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Question
Hi there

I am currently attempting to trade breakouts of US stocks using a 1 minute timeframe. I currently use just a candlestick chart and time & sales.

I do manage to keep losing trades quite low - maybe 2 - 5 cents, however, the majority of my trades are losing trades and my winners are not big enough to cover them! So I must be doing something wrong.

My issue is primarily, I look to a stock to break out to a new high or new low and it does so with, it seems, reasonable momentum, however it then quickly turns and becomes a losing trade.

Is there something else I could be looking at to help avoid these instances or do you think that this strategy is no longer viable?

I would be happy to investigate other strategies within a similar time frame however, the internet seems full of people wanting to sell you things and it is hard to know what is genuine and what is a scam.

I would also, in addition, be very interested in learning a swing trade strategy that I could hold positions over a few days. because of the same issue as above, could you recommend anything that you feel does work in modern times?

Thank you very much for your time

Answer
Hi Olly,

I want to begin by saying that I've personally found that day trading futures, and using range bars, is an easier way for me to day trade. So I personally do not trade 1 minute breakout on stocks.

However, based on my own trading and from my experience working with others, there are usually some "typical" concerns that need to be addressed.

1) If you're risk is appropriate and your winners are not big enough to cover your losers, you might be taking profits TOO early. Do you keep a log of all of your trades? Are you taking profits at the best time, or are you leaving profits on the table? You'll never be able to get out at the PERFECT time (you'll always exit a little too early, or too late), but if your emotions say get out and you could double your profit potential by staying in a trade, this is where your focus should be.

2) If you're maximizing your profits but you have too many losses, it could be that your taking losses TOO early. A 2-5 cent loss might "feel" good, but if you constantly get out for a 5 cent loss and then miss out on a 50 cent profit, your stops are too tight.

3) Are you trading with discretion or using a rules based system? It can be hard to trade with discretion, ESPECIALLY if you are new to trading. With rules you can test your method and you can refer to "expected" results. Of course there is no guarantee that performance will be the same in the future as it was in the past, but if you know that your system risks $1 for every $2 gained and you have a 50% winning percentage, you're set. You also have some expectations you shoot for.If right now you're risking $1 for every $1 gained and you have a 50% winning percentage, you won't be making money.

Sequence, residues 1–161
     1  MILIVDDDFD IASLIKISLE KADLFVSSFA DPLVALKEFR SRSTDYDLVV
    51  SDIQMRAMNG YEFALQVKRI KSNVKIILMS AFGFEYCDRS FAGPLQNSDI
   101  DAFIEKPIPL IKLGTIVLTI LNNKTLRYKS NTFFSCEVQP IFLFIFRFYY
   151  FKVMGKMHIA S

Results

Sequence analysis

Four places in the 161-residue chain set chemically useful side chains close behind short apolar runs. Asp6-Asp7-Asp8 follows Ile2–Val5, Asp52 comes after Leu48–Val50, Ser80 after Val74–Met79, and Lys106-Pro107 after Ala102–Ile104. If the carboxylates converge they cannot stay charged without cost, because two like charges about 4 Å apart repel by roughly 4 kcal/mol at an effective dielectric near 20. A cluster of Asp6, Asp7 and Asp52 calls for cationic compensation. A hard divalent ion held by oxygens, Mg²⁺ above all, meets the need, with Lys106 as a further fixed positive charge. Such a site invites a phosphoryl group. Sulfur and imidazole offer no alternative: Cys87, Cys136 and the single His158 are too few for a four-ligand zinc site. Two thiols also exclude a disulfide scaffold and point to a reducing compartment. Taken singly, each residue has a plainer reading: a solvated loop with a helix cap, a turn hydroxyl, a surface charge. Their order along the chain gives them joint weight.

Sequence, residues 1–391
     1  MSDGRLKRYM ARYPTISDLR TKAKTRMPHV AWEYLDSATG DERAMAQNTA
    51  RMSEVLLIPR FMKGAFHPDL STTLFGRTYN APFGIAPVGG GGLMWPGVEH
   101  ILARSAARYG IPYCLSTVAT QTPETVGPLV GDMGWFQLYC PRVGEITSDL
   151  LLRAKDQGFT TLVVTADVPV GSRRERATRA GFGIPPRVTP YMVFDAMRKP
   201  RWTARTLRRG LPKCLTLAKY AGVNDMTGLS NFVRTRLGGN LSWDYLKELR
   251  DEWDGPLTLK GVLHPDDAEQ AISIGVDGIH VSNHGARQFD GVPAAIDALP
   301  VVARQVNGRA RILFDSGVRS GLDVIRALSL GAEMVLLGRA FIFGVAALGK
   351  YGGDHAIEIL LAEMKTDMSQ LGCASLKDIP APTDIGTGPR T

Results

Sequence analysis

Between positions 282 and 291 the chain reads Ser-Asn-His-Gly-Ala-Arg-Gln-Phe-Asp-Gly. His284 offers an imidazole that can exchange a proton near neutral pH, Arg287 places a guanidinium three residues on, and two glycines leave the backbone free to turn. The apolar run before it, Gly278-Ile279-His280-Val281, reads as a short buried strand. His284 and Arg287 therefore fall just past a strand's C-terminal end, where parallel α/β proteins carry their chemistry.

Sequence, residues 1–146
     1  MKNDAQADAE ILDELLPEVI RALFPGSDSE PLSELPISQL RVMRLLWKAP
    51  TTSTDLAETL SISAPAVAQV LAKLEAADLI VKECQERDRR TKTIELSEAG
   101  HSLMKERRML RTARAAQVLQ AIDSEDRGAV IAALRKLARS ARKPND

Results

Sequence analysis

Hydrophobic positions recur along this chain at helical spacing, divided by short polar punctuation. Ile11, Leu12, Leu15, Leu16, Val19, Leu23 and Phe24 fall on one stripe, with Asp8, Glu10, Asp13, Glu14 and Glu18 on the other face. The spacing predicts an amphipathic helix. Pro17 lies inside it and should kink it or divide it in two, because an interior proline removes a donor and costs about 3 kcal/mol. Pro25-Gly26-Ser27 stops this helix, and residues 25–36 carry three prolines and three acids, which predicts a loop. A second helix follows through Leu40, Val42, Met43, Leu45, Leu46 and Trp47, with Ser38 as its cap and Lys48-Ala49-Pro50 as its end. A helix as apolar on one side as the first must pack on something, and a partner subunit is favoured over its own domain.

With this said...

Do you know the rules to your system?
Do you have a written plan?
Are you keeping a journal of all of your trades?
Have you reviewed this journal to see exactly what is holding you back?

Often times the 4 things above will clarify what's going wrong.

If you're interested in a new trading idea, I'd encourage you to download our Simple Strategy eBook on Amazon. It will set you back a whopping 99 cents! :) I just ask that you leave feedback for the book after reading it. The link is: http://www.rockwelltrading.com/day-trading/products/ebook-the-simple-trading-str

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Mark Hodge

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Questions related to technical analysis, strategies, risk, trading plans, trading psychology and money management. Experience in trading all markets and time-frames with expertise in futures (e-minis, currencies, commodities) and equity options. Unfortunately I am not allowed to offer any specific trading advice (i.e. should I go long the E-mini S&P today).

Experience

I have been involved in the industry since 1995 working for Morgan Stanley Dean Witter and American Express Financial Advisors before becoming a full time trader. As Head Education Coach with Rockwell Trading I have coached hundreds of students around the world to achieve their trading goals with simple strategies, a sound trading plan and proper money management for the leveraged markets.

Organizations
Currently serving as Rockwell Trading's Head Education Coach www.rockwelltrading.com and moderator for Rockwell's Student Trading Room where we follow opportunities in the minis, interest rates, currency and grain markets daily.

Publications
Technical Analysis of Stocks & Commodities, "Day Trading With Volatility", June 2010 SFO Magazine, "Home on the Range: Lasso Trades Without Time", August 2010 SFO Magazine, "Day Trading Indicators, Part 1", January 2011 SFO Magazine, "Day Trading Indicators, Part 2", February 2011 SFO Magazine, "Technical Strategy", April 2011 SFO Magazine, "Advanced Trading Techniques - Futures Spread Trading", October 2011 Active Trader, "A Simple Day-Trading Strategy", November 2011 Marketplace Books, How to Trade Commodities: Simple Strategies for Gold and Crude That Traders Can Use in Any Market, June 2011

Education/Credentials
Formerly licensed as a financial advisor with Series 6, 7, and 63 licenses. B.A. in Organizational Communications with a Business Minor from California State University, Sacramento.

Past/Present Clients
I have worked with institutional traders, brokers, proprietary trading firms and private traders.
One of the few distinguished World Cup Advisors www.worldcupadvisors.com

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